“I’m here with the line cap,” laughed the merchant, “line, lifebuoy and everything that’s needed for a rescue. Now what’s the trouble?”

“I’m wantin’ to know what kind of a present to buy for a lady,” stammered the captain. I’m dizzy with tryin’ to think it out. I kin close my eyes and see a whole fleet of overshoes, parasols, handkerchiefs and other things sailin’ past, but I’m blest of I know what to grapple onter.”

“Oh, that’s easy,” laughed Smith. “Is the lady married or single.”

“Married,” growled the captain. “Aha, I see. A little present for your wife, eh, Cap?”

“I aint got no wife,” sourly.

Mr. Smith twisted about in his chair. “That’s just what I told her,” he affirmed, “but she declared you had.” “Who?” asked the wondering captain.

“Why, Mrs. Simpson. She’s my wife’s sister, you know, and she’s a plucky little woman, let me tell you. She has been our head bookkeeper here, since her husband died three years ago. She won’t let me help her at all. She even insists on paying rent for the cottage she lives in and which I happen to own. Yes, she heard me mention your name this afternoon. We were having a little visit, you see, she has been ill and has not been to the store for a week. She told me how you took her in out of the storm. She says you told her that your wife’s name was Saryann.”

Captain Stubbs had settled lower and lower in his chair until his sandy goatee was standing at right angles against his chest.

“And she,” he said, wetting his lips,

“she told me that her husband’s name was Jack.”

“No, his name was Thomas, but her little boy’s name is Jack.”

Captain Stubbs wriggled slowly erect and slowly arose from his seat.

“I guess that’s all now, thanks,” he said. “No, there’s somethin’ else. I want to buy that cottage.”

“You mean the one Mrs. Simpson is living in?”

“The same.”

“Why Captain, I’m sorry, but I can’t sell that cottage. I want her to live there just as long as she wishes.” “Well, what’s that got to do with it’” stormed the Captain. “So do I want her to live there as long as she wishes. Do you think I’ll molest her?”

“Oh well, that being the case—but you won’t pay the price I’m asking Cap. You’ll think it too high.”

“Name it,” growled the captain, reaching for the check book on Mr. Smith’s table.

He filled in the figures Mr. Smith named without so much as a flutter of the eye lashes and handing the check to the astonished merchant said, with his old grin, “Now where’s the deed?” “Right here in the vault,” replied Smith, “here you are Cap, I tell you, you’re a wonder !”

“I’ll see you again when I’ve somethin’ wuthwhile tellin’ you,” said the captain as he shook hands, ‘so long, and Merry Christmas.”

He put the deed in his inside pocket and walked out, leaving the merchant shaking his head in perplexity.

III.

Next morning when the glad Christmas bells were pealing out on the frosty air and the beech and hickory sticks in the box stove were crackling merrily, Captain Stubbs sat smoking his pipe and gazing thoughtfully at Saryann, curled on the rug at his feet.

“If I don’t take that cat she’ll think I ain’t a man of my word,” he ruminated, “and if I do take her, she’ll likely think me an idiot. What I relly ort to do is throw rny anchor and stay right here. But I jest can’t stay, that’s all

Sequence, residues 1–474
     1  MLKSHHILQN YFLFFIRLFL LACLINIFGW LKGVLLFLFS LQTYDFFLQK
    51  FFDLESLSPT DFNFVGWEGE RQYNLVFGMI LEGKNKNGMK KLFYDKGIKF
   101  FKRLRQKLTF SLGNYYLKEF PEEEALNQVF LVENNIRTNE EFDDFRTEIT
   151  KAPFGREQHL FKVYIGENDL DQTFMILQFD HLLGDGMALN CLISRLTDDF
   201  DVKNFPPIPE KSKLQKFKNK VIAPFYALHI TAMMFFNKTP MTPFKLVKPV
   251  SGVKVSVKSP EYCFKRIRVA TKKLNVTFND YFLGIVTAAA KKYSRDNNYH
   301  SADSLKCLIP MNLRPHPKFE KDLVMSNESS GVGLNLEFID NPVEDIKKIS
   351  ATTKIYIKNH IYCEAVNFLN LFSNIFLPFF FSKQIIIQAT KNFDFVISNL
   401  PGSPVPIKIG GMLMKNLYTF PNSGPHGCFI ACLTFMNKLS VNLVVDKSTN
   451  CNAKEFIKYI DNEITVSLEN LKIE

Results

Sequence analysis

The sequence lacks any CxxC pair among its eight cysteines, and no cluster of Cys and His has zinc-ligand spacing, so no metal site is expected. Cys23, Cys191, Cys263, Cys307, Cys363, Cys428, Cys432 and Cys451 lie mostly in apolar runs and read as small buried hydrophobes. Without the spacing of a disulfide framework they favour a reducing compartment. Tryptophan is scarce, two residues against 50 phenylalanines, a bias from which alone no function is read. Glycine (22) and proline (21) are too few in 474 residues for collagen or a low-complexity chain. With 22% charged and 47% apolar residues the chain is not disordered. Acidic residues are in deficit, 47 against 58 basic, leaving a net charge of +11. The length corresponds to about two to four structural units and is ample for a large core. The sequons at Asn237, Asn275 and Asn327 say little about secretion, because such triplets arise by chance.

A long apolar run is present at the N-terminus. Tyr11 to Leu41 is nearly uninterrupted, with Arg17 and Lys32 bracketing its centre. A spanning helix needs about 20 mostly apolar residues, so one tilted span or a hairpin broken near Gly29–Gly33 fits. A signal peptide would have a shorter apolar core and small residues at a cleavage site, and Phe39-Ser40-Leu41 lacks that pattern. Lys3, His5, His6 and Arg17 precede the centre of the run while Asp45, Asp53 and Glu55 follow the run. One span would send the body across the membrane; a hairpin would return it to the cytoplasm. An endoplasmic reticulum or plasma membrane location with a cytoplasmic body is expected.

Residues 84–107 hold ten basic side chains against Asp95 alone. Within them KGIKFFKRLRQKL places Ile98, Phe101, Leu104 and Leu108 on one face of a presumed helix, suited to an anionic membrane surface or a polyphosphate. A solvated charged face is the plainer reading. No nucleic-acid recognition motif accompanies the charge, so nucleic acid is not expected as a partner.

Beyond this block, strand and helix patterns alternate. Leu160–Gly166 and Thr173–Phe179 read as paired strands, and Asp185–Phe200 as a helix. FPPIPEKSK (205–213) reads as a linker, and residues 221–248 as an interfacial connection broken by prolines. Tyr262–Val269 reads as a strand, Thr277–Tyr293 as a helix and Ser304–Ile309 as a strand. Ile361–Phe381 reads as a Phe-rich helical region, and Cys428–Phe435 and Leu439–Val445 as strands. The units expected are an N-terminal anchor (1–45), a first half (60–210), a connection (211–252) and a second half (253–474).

there is to it. I want to see that little woman so much that I’m goin’ to hist sail and get goin’ pretty soon. If I

go on the rocks it’ll prove I aint no good as a navigator, but I always was game to take a chance and I’m game yet!

“Here you, Saryann,” he commanded, “come on here and get your holliday buntin’ on. Look at this here

green ribbon. People seein’ it will sure call ye Irish but, bein’ a cat, you shouldn’t mind what they call ye.

There now you look like Mary Queen 0’Scots and you should make some impression on the little widder. Get inter that basket and if you make any fuss or try to eat your way out, I’ll never take ye to another Christmas dinner.”

Along about ten o’clock, the captain, basket in hand, crunched his way along the street, bound for the green cottage on the hillside. Now and then a grin crossed his round face and occasionally a chuckle grumbled low in his throat, but for all that there was something akin to apprehension in his eyes. He was mad at himself one minute and pleased with himself next. “A year ago er no further away than yesterday if any lubber had told me that I would be driftin’ round where shoals and rocks lay hid, I’d have batted ‘em, by the great smocked mackerel, I would,” he told himself, slackening his pace as he neared the valley foot bridge. “But then agin’ if anybody had told me that I’d meet a little wumman with eyes like sea stars and hair brown as the shell of a horse chestnut—oh pshaw, think of my failin’ in love at my time of life. I’ve a good notion to turn right round and go hum, but no, I’m goin’ to steer this think through if it leaves me stranded high and dry.”

He branched across the bridge unconsciously quickening his pace as the curve in the road brought the little green cottage into view.

It stood on the side of a great hill that swept upward until its timbered crest brushed the low-hanging snow clouds. Below was the valley, now blanketed in snow, its little tinkling brook locked in the clutch of frost, but such a valley ! The captain knew, for he had seen it when the velvety green of spring rested upon it, and beyond it lay the big booming sea, he knew and loved and understood. He knew that he would never drift far beyond the sound of its voice or the kiss of its salt spray.